Meet the Department of Engineering's postgraduates

Meet Akesh Babu Kakarla, Satya Guha Nukala and Dao Hoang Hiep Phan, research candidates in the Department of Engineering

Meet Akesh Babu Kakarla, Satya Guha Nukala and Dao Hoang Hiep Phan, research candidates in the Department of Engineering.

Akesh Babu Kakarla
Around 1600 people are on Australian organ transplant waiting lists. On average, people can wait from four months to six years for a transplant.

PhD candidate in engineering, Akesh Babu Kakarla, has entered the brave new field of 3D bioprinting where, one day, it might be possible to print functional organs and tissues.

“The process begins by taking an image of the organ or tissue, and then using special software to convert the image into a machine-readable format,” explains Akesh.

“Healthy cells are then taken from the patient to produce bioinks, which are used to print a software-generated image layer by layer. The result is a new organ or tissue.”

Implants need to be strong enough to maintain their form. Akesh’s PhD focuses on producing reinforced bioinks to print functional skin tissue. “I hope my research will help to reduce the number of patients on the transplant waiting list,” he says.

Satya Guha Nukala is in his first year of our Master of Engineering (Research) degree at La Trobe’s Bendigo campus.

“I have always been curious about how objects are designed and manufactured, from the raw materials right through to the final application. I look at an object and think, ‘Why was it made with this material? How was it made? And can we recycle it?’ I decided to pursue a research degree so I could answer these questions.

I chose the Master of Engineering (Research) degree at La Trobe because it is a top-quality university with world-class research facilities, and offers a wide range of expertise in technology and engineering. I was delighted to find my supervisor, Dr Ing Kong, who is a materials expert.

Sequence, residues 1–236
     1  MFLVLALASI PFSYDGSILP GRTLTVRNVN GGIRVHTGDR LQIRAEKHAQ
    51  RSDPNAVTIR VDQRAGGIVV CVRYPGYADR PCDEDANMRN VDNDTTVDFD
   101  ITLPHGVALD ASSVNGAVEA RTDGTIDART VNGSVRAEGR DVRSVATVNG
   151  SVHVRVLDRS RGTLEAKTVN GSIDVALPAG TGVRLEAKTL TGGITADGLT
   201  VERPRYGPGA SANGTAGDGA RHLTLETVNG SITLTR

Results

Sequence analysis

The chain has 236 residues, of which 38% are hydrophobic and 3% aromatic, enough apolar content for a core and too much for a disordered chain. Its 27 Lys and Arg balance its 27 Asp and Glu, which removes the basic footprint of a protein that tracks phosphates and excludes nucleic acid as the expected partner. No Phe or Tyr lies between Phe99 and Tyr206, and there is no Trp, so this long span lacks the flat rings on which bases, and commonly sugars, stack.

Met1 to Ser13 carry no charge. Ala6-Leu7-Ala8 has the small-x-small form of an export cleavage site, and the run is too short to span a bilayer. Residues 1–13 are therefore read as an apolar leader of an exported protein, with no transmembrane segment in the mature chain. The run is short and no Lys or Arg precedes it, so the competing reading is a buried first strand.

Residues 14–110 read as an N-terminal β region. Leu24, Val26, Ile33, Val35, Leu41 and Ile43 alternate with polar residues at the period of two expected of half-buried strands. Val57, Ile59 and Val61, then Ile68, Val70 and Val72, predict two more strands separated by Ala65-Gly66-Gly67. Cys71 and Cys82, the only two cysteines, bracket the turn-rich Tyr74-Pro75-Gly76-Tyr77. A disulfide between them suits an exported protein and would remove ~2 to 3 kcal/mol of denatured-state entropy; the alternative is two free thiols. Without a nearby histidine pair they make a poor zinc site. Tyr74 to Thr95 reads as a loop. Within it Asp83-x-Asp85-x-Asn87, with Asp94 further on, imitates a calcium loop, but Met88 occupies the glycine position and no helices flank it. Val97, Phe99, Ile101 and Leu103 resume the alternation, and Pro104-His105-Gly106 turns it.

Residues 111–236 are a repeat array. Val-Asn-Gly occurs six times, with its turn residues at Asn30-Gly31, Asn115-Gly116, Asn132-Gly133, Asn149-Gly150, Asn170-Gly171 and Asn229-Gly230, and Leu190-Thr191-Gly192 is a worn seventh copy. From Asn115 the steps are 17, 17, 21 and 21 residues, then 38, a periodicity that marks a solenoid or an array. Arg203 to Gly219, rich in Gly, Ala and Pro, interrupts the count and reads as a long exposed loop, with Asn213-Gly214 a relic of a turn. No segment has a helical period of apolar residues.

I am researching wood-based materials that could provide a biodegradable alternative to plastics. Australian households generate, on average, 24 kilograms of wood waste each year. I am making composite materials from wood waste and plastics, and testing their properties, such as strength and water absorption. I hope my research leads to new materials that could be used in anything from outdoor furniture to construction.

I have enjoyed my research experience. I have had the opportunity to meet with professionals in industries related to my work, and see production and manufacturing techniques first-hand. My supervisor has always encouraged me and challenges me to think creatively.

I would love to continue my research in recyclable materials, and explore the possibilities emerging in the field of biodegradable materials. Sustainable materials will play a large role towards a greener planet.”

Dao Hoang Hiep Phan is a fourth-year civil engineering PhD candidate at our Bendigo campus.

“My father was an engineer in regional Vietnam. I grew up surrounded by his passion for solving engineering problems and wanted to contribute to the solutions myself. I studied civil engineering in Vietnam, then worked as a lecturer, teaching students about design, construction sites and surveys.

Engineering technologies are developing rapidly. I soon realised that I needed to expand my knowledge and upskill, which brought me to La Trobe for a doctorate in civil engineering.

I started my PhD in 2017. I am researching the behaviour of high strength steel/concrete composite structures. Because of their fantastic structural performance, these materials are well-suited to high rise buildings. They reduce the size of the supports needed, saving floor space and construction costs. I am also developing new models to assess and predict the properties of these materials for construction design. I hope my research will help to optimise these materials and their use in practical engineering.

I am based at La Trobe’s Bendigo campus. I have enjoyed working in the new civil engineering laboratory with its state-of-the-art equipment and machines. The lecturers and technical staff have been welcoming and supportive, making it a great learning environment for productive research.

The campus is tranquil, peaceful, and multicultural. I have made friends from all over the world, and have support from the warm-hearted, local people. I think it is an amazing place to study.

I would love to pursue an academic career when I graduate. I am passionate about finding solutions to a wide range of engineering problems, and I’m eager to pass on the latest engineering knowledge to the next generation of students.”

Find out more about our engineering degrees.

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